My pet peeve in a lot of soap making literature is temperature. Having made soap for over 20 years and starting off without the cool soap books and websites that are around today, I learned a lot through trial and error. And let me tell you this, temperature was never a huge factor in my soap making. The one lesson I learned early on was to avoid heat! If I soaped too warm, all sorts of funny things would start to happen, which is why I soap at room temperature. So please relax and stop obsessing about temperature. Your lye and your oils don’t have to be at a certain temperature, and you’ll have perfectly good soap without the added stress of trying to get the temperature exactly right. Let both your oils and your lye cool down to approximate room temperature, which is when the outside of the oil and lye container will feel cool to touch or at most lukewarm. Cooler is better, especially when using ingredients such as sugar and milk.
I’m talking about curing time here. This is the most difficult part for any soap maker, as they will tell you, waiting for the soap to be ready. Unfortunately, soap is not something that will be ready the next day, unless you’re using a melt and pour soap base, or re-batching, but even then it will take a few weeks to be fully ready. The golden rule for hot and cold process soap is “the longer the curing time, the better the soap”. Soaps that haven’t had a full curing time, will still contain a little moisture, and such soaps end up getting mushy in your soap tray. You’ll find soaps that have had the longest time to cure will be the ones that are the hardest and longest lasting and the ones that remain nice in your soap tray. So be patient and leave those soaps to cure for months!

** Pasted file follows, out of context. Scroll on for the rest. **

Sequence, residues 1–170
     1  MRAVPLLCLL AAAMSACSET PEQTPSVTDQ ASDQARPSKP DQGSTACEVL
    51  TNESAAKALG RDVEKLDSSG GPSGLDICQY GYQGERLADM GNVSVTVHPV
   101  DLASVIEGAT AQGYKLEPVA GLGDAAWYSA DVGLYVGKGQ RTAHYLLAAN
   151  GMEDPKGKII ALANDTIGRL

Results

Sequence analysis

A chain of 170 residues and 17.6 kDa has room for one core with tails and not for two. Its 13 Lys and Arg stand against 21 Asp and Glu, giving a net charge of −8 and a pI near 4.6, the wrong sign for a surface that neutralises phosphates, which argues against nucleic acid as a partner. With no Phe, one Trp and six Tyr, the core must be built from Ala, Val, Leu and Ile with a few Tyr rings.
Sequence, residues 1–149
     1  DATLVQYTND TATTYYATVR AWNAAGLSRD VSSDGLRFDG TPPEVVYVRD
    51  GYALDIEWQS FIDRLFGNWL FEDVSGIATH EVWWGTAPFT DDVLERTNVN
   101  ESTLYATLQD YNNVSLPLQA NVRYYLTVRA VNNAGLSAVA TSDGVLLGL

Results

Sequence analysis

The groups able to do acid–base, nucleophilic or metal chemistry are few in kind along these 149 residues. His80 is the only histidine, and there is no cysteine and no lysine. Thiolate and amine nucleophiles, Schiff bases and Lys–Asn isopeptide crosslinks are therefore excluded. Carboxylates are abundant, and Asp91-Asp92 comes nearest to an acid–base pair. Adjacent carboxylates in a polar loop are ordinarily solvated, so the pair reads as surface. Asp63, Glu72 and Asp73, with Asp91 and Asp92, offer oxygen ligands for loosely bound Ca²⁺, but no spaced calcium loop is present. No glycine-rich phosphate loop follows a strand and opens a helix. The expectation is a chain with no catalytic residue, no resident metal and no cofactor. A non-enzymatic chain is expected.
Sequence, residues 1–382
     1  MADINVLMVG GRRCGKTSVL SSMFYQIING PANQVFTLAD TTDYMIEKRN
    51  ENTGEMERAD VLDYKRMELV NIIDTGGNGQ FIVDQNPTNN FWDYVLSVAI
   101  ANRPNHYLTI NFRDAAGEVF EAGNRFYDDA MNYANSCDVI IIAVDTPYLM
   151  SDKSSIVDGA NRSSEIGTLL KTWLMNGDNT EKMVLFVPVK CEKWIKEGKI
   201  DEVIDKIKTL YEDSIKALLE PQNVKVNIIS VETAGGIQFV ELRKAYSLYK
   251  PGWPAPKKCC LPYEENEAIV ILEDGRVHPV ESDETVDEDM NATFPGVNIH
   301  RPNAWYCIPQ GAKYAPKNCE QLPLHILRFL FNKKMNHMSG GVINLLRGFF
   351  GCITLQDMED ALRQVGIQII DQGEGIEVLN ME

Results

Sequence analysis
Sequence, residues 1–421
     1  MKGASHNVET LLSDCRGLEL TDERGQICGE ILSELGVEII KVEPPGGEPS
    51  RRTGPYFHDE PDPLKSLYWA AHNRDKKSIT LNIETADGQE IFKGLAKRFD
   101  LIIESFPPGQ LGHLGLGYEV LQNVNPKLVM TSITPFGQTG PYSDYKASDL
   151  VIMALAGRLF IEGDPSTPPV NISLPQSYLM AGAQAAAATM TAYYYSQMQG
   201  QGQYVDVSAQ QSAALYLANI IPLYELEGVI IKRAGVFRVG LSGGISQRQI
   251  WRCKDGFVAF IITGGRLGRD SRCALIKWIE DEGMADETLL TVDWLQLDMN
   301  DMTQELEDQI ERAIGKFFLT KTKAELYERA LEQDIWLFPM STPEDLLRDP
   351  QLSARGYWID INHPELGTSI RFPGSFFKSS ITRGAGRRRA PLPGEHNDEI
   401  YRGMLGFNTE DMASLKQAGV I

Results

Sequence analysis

Tip: when I give away my soaps, I usually tell my friends to not use them straight away but place them where they keep their towels. That way their towels get to smell lovely and the soap gets additional curing time!
7. Keep a record of your soaps
One of the most annoying things that can happen is when you use one of your soaps, after having cured for half a year or so, and then absolutely loving it, but when you try and remember what you put in it, you find you lost the piece of paper you wrote the recipe on. Particularly, when you start experimenting and creating your own recipes, make sure you write it down. Not just the recipe, but the method (did you use a stick blender), how the soaping process went (did it accelerate or thicken too quickly), how the ingredients behaved (did the fragrance discolour the soap), and how it cured (how long, DOS, any discolouring?). These notes will help you for future recipes and will also be a record of how certain ingredients behaved in soap. Have a separate notebook, just for your soap making. Write down the date and the recipe and then keep adding notes as you check and use the soap.